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Southwark Labour are taking steps to tackle the housing crisis


07 September 2017

Tackling the housing crisis is one of the biggest challenges facing Labour in local government.  In London the crisis means high private rents with often poor standards, it means we have over 10,000 families on our council waiting list, and it means people who want to get on the housing ladder can’t do so, all the while evictions from private rented homes are climbing as some unscrupulous landlords jack up rents and force tenants out. The Tories don’t care about tackling this problem, so it is down to Labour councils and our Labour Mayor of London to do all we can whilst at the same time campaigning hard to make sure we get a Labour government, as without support from central government there will always be limits on what we can do.

 

Under the last Labour government there used to be support from central government for new affordable homes, for each new affordable home built there was on average a £120,000 grant towards the build costs. This was slashed by the Tories and Lib Dems in 2010 to an average of just £20,000 per new affordable home, as a result across the country affordable house building nose-dived. At the same time the Tories and Lib Dems nationally trashed the definition of affordable housing. Previously affordable rented homes were let at ‘social rents’ which are typically about 40% of market rents, but the government’s new ‘affordable rent’ homes can be anywhere up to 80% of market rents, making them unaffordable for many people.

 

In 2010 as these cuts came through Labour took control of Southwark Council. The existing council homes in the borough were in a very poor state of repair, with barely 50% meeting the decent homes standard. We immediately took action and have invested over £400m into our 55,000 council homes and now 93% meet the decent homes standard. We are now installing new kitchens and bathrooms to over 15,000 council properties, and investing in our blocks to make them fire safe in addition to the £62m we have spent on fire safety in our council homes since 2010.  We’ve also made progress in improving repairs and have brought the call centre back in house, but there is still more to do.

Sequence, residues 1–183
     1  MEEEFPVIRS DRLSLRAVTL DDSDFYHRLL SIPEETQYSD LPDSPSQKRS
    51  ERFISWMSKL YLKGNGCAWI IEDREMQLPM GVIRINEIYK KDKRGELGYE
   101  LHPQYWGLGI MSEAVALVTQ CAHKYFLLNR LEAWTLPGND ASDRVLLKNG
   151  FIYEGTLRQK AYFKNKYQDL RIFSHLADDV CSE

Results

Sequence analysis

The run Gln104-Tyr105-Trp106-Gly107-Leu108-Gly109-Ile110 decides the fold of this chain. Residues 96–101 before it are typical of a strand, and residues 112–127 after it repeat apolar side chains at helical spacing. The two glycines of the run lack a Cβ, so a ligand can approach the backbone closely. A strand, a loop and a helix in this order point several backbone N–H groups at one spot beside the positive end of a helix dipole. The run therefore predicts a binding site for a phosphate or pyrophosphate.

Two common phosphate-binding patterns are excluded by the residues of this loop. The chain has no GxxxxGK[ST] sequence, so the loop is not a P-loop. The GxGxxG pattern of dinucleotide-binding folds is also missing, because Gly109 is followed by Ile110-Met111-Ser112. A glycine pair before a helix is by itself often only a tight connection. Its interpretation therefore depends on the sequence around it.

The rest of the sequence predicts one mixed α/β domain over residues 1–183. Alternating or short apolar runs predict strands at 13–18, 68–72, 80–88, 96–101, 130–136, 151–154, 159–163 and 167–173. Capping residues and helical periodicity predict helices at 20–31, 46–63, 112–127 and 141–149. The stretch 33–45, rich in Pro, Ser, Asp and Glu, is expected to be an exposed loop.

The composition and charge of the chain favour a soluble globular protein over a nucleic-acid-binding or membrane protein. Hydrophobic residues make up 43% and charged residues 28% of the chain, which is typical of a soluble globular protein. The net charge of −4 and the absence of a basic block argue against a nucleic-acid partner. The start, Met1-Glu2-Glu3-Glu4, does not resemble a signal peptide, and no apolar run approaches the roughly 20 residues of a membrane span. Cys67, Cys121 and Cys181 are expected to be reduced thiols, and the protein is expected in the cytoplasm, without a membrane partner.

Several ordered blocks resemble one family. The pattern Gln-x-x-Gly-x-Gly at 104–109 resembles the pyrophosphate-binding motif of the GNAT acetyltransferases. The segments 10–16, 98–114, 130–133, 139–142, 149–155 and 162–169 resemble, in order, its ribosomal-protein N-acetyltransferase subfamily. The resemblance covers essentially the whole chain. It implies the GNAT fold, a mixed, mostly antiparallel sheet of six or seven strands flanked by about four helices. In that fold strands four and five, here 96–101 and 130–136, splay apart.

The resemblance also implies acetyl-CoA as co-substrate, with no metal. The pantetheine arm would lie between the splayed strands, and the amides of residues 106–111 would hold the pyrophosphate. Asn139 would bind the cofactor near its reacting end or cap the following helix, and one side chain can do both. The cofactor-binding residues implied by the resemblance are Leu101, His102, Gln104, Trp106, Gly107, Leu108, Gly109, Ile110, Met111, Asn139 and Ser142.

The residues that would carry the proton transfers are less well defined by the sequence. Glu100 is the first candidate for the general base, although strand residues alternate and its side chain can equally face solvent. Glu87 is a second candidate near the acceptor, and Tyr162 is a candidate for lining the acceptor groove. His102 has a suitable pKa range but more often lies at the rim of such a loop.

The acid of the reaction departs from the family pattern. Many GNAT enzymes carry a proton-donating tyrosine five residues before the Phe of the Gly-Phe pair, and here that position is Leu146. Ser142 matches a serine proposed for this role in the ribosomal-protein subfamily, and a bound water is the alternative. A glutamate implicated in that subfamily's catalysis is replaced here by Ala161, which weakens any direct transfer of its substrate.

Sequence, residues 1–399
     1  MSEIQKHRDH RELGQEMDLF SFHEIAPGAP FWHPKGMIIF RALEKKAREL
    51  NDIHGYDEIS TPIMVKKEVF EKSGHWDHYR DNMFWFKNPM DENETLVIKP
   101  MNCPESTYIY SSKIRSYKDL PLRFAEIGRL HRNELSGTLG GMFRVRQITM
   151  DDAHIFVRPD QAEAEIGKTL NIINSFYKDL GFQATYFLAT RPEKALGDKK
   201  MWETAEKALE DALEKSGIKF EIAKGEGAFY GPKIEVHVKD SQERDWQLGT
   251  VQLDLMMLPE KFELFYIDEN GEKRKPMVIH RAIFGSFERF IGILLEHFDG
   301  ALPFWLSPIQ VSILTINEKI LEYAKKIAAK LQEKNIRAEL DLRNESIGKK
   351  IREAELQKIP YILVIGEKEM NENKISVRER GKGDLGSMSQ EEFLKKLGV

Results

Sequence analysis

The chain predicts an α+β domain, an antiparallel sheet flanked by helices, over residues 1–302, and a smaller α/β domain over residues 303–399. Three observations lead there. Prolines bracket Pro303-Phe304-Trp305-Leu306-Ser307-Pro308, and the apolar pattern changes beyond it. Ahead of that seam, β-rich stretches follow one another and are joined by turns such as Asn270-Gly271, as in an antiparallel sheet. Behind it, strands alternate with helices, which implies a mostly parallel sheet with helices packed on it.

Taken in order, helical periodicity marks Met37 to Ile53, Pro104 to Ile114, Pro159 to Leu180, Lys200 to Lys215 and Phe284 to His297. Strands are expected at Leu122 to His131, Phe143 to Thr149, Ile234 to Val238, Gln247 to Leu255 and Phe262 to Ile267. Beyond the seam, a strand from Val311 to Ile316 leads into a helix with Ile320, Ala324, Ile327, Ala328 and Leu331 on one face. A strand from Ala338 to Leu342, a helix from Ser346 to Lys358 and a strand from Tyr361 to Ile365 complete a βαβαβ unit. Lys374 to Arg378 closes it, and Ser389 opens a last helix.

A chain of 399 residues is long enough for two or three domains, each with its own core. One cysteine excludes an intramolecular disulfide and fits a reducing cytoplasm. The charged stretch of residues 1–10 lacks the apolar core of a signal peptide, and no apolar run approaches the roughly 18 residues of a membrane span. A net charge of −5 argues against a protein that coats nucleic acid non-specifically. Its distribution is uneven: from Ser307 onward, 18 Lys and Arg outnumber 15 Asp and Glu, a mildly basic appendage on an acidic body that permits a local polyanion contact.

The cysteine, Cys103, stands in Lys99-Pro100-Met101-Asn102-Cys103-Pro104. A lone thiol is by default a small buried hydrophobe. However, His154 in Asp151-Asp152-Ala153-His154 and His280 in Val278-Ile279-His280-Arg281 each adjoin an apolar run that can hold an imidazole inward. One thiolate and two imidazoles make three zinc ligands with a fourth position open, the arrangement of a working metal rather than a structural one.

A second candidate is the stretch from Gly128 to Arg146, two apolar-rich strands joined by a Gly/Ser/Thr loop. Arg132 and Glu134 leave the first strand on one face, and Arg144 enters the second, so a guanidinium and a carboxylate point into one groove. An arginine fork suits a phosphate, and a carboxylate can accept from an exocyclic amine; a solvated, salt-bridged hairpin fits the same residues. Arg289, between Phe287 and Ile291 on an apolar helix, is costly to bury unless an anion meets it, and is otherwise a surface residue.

Because we are passionate advocates for social housing and believe that everybody should have the right to a decent home we are doing all we can to improve our existing social housing and to build more social housing. Our planning policies in Southwark state that we want 35% affordable housing from developers on sites that deliver 10 or more homes. We have stuck to the previous definition of affordable rented homes being at social rents, the average social rent for a 2-bedroom flat in Southwark is around £130 per week. In some limited cases we have accepted some affordable rented homes with higher rents but we have capped those at the Local Housing Allowance which means that people can still afford them with support from housing benefit. We have also limited these to 1 and 2 bedroom homes rather than family sized 3-4 bedroom homes.

 

In Southwark we have a good track record of securing new affordable homes from developers. On housing schemes with 10 or more homes (which is the number our 35% affordable policy begins) between 2011/12 and 2015/16 on average we approved 30% affordable homes, made up of 2,873 new social rent homes, 1,748 new intermediate/shared ownership homes, and 346 affordable rent homes. For affordable homes actually built between 2011/12 and 2015/16 on schemes with 10 or more homes the figure is 42%, made up of 1,513 new social rent homes, 778 intermediate/shared ownership homes, and 201 affordable rent homes.

 

Some of these new homes have been built on sites where there used to be just social housing in poorly constructed and badly designed post-war blocks. By taking into account the homes that were on these sites and subtracting them from the total affordable housing listed above we would have still seen an increase in the amount of all types of affordable housing in our borough. The total ‘net’ figures are an additional 798 social rented homes and 779 intermediate/shared ownership homes over those 5 years. The reason why there has not been an increase in the amount of social rent in Southwark despite all of our work is the impact of the Right to Buy over which we have no control. The Tories and Lib Dems in government increased the discount for Right to Buy from £16,000 to £100,000 per home. In the last five years we have lost 1,171 council homes through Right to Buy which is four times as many in the five years before (292 homes lost).

 

In addition to the new affordable homes we secure from developers we also have our own council home build programme. This is the most ambitious council home building programme for any council in a generation - we will build 11,000 new council homes over the next 25 years and have already completed the first 357, our local lettings policy means that at least 50% of our new council homes are for local tenants on band 1-3 of the housing allocations list. With no support from the Tory government we have done the best we can, but to deliver enough affordable homes for our residents we need a Labour government which will give us the support we need to build the homes our residents need.

 


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